Today’s technology gives companies access to infinite data. They can pay bills as well as invoicing customers, and manage all financial records and banking online. Everything, from an announcement for the next team meeting to highly classified information, can be organized and filed both on-premise and in the cloud for efficient access by all pertinent parties. With this incredible advantage comes an intense need for extreme security for companies. In addition to company info, many employees use one device for both business and personal – keeping massive parts of their lives alongside professional company information and therefore, adding another layer to security issues. Even the strongest security suffers corruption by unprotected passwords. Passing on words – if it can be found in a dictionary, don’t use it – for passwords is only the first step. Establish these password do’s and don’ts for every employee.
Do’s for every employee:
- Create passwords with 12-16 characters. Include uppercase and lowercase letters, numbers, and symbols. Use combinations that don’t “tie” to user information.
- Employ two-step authentication as often as possible.
- Select three – five master passwords; store remaining passwords in an encrypted plain text file.
- Change passwords on the first day of every quarter.
- Change password immediately if there is even the slightest possibility of being compromised and report all suspicious activity to the IT team.
- Keep passwords private – refuse to share them with anyone outside the system’s administrator – including team members or personal connections.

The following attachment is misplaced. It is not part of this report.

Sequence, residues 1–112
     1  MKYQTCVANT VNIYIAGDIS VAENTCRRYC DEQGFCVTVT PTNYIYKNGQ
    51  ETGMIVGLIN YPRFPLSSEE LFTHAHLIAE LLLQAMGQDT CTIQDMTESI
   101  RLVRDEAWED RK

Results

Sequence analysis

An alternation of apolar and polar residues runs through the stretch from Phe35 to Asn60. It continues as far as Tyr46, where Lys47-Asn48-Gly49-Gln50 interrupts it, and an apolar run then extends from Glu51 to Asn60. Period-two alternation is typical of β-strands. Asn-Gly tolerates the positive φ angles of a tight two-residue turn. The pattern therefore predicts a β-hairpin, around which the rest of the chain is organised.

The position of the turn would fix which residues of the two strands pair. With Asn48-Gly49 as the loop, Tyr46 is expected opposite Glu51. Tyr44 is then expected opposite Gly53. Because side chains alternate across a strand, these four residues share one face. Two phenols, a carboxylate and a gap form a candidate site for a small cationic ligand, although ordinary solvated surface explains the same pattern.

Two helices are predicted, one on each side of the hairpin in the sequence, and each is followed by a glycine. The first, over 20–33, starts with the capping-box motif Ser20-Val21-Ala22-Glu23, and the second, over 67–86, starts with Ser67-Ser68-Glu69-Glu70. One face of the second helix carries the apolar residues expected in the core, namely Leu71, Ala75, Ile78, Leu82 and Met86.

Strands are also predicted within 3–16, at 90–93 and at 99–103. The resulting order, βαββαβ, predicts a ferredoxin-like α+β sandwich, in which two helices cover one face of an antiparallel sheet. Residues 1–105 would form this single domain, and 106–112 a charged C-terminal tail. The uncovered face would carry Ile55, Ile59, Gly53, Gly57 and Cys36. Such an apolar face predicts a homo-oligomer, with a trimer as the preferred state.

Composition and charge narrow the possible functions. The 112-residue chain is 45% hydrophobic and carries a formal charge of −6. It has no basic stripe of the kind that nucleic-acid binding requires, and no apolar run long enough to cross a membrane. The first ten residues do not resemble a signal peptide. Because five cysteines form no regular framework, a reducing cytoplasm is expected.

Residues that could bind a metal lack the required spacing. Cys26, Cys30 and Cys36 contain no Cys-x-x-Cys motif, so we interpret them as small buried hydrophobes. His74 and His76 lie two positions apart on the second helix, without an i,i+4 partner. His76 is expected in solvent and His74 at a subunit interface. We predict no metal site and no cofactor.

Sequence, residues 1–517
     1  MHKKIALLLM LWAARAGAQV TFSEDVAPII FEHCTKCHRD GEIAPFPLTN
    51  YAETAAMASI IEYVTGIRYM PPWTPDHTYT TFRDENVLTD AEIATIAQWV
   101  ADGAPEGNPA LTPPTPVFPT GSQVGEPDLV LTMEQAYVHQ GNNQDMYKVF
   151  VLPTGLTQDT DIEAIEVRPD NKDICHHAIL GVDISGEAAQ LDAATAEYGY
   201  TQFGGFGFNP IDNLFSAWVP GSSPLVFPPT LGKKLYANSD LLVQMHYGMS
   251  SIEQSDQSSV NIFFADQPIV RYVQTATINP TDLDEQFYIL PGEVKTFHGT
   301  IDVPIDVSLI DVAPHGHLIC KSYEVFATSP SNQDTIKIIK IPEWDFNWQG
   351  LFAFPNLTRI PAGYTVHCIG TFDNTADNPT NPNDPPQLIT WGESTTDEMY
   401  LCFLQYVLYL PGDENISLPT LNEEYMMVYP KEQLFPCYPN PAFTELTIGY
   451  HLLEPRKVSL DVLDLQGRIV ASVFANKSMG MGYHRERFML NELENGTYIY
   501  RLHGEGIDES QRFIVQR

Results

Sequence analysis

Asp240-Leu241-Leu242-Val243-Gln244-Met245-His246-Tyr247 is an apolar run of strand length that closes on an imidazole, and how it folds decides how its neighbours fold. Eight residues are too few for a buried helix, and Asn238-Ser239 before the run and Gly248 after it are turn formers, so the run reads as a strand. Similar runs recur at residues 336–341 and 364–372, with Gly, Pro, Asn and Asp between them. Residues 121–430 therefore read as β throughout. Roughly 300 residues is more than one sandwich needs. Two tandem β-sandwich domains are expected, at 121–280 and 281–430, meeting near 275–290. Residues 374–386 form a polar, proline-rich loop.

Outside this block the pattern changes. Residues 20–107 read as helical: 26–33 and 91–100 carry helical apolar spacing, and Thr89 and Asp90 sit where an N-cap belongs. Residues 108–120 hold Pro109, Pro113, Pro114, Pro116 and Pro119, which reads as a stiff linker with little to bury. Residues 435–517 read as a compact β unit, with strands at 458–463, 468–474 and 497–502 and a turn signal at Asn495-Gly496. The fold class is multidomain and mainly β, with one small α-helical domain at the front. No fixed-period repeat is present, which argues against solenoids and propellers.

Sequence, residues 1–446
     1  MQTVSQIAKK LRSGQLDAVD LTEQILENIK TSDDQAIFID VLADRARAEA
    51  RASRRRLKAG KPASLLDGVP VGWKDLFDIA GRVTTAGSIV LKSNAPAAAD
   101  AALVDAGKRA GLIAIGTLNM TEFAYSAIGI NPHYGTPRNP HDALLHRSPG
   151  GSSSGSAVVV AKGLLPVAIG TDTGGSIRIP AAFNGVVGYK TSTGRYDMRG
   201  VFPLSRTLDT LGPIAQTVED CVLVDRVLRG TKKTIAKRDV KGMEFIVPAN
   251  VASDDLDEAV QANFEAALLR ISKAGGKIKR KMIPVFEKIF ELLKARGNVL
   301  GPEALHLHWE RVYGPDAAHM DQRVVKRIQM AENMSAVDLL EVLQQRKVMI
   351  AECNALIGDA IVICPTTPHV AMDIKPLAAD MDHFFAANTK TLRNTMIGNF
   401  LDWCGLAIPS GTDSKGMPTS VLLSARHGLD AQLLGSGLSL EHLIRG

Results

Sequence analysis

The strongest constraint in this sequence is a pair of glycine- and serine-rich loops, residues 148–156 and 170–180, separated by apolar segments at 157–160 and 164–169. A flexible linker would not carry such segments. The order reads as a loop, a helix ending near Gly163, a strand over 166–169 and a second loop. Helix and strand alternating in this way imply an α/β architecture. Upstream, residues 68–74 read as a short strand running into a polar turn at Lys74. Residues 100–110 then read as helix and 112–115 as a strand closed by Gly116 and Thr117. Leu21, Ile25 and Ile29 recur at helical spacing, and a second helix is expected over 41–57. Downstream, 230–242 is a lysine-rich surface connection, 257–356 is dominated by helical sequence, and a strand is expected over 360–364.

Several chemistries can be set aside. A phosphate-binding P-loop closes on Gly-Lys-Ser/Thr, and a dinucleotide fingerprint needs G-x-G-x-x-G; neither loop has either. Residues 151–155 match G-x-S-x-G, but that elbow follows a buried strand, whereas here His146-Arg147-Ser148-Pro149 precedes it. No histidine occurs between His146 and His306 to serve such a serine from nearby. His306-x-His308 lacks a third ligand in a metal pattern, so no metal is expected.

- Lock all devices – including phones – when leaving them in the office (even for a quick trip to the restroom).
- Be mindful of privacy when entering passwords.
- Use wisdom when browsing, clicking links, etc. Be constantly on alert for phishing.
- Use online paste and screen-capture tools carefully – ensure that passwords are not uploaded to the cloud.
- Only use devices which are protected with anti-virus/anti-malware software, for professional work – at the office and remotely.
- Report lost or stolen equipment immediately.
Don’ts for every employee:
- Use the same password for multiple important accounts.
- Store passwords on a piece of paper or other easily accessible document (yes – this is a common error).
- Store passwords on web browsers.
- Allow others to use your login ID or password.
- Enter your password in eyesight of others.
- Provide information such as login IDs, passwords, social security numbers, account numbers, etc. via unencrypted email
- Leave any device unattended while in a public place.
- Open an email or attachments from a questionable or unknown sender.
- Install unauthorized programs on your work (or home) computer
- Plug in unapproved personal devices.
- Use the names of families, friends, pets, nicknames, postcodes, house numbers, phone numbers, birthdates, ID card numbers, or any other personal facts, which are easily accessible via social media.
- Use any dictionary word in your passwords.
- Use fingerprints – they cannot be changed, but unfortunately, they can be cloned.
- Log in to important accounts on unapproved devices or when connected to public Wi-Fi or a free VPN
As an employer, it is your responsibility to ensure company and customer security. In addition to insisting on the above guidelines, immediately remove any user account either when it becomes unnecessary (a project is completed) or when the user leaves the company. Ensure that all access is appropriate for the employee’s role – don’t offer access beyond what is necessary for him/her to complete assigned work.
Your IT Manager will play a crucial role in establishing and enforcing password and other security. Whether you are seeking a direct-hire placement or contracting IT assistance, hiring both skill and integrity is crucial. At Cynergies Solutions, we take your IT security seriously. We have developed a unique reputation in the IT industry as a firm that attracts, hires and retains the best and brightest IT professionals. Contact us today for IT talent that understands security.